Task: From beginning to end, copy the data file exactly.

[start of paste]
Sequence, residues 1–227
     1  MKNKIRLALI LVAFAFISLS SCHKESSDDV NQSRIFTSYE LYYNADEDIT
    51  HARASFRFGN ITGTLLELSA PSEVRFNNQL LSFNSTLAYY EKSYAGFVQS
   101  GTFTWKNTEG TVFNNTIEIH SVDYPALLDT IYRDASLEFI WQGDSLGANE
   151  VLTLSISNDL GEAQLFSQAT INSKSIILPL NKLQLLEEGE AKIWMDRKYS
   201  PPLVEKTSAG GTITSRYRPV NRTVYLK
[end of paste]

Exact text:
Sequence, residues 1–227
     1  MKNKIRLALI LVAFAFISLS SCHKESSDDV NQSRIFTSYE LYYNADEDIT
    51  HARASFRFGN ITGTLLELSA PSEVRFNNQL LSFNSTLAYY EKSYAGFVQS
   101  GTFTWKNTEG TVFNNTIEIH SVDYPALLDT IYRDASLEFI WQGDSLGANE
   151  VLTLSISNDL GEAQLFSQAT INSKSIILPL NKLQLLEEGE AKIWMDRKYS
   201  PPLVEKTSAG GTITSRYRPV NRTVYLK